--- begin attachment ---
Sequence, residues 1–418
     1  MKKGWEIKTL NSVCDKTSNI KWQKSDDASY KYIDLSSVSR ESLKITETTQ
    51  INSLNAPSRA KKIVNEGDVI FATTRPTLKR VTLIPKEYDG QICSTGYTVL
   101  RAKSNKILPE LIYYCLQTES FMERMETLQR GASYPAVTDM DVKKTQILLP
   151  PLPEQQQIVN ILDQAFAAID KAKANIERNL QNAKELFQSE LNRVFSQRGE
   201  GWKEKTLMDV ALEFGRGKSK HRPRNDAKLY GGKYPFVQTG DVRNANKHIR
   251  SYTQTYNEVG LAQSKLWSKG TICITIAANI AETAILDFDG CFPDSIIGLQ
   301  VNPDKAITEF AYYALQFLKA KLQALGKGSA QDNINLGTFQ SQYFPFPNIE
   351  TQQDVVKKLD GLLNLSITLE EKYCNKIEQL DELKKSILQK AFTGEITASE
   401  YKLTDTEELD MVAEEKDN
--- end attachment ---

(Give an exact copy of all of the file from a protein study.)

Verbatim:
Sequence, residues 1–418
     1  MKKGWEIKTL NSVCDKTSNI KWQKSDDASY KYIDLSSVSR ESLKITETTQ
    51  INSLNAPSRA KKIVNEGDVI FATTRPTLKR VTLIPKEYDG QICSTGYTVL
   101  RAKSNKILPE LIYYCLQTES FMERMETLQR GASYPAVTDM DVKKTQILLP
   151  PLPEQQQIVN ILDQAFAAID KAKANIERNL QNAKELFQSE LNRVFSQRGE
   201  GWKEKTLMDV ALEFGRGKSK HRPRNDAKLY GGKYPFVQTG DVRNANKHIR
   251  SYTQTYNEVG LAQSKLWSKG TICITIAANI AETAILDFDG CFPDSIIGLQ
   301  VNPDKAITEF AYYALQFLKA KLQALGKGSA QDNINLGTFQ SQYFPFPNIE
   351  TQQDVVKKLD GLLNLSITLE EKYCNKIEQL DELKKSILQK AFTGEITASE
   401  YKLTDTEELD MVAEEKDN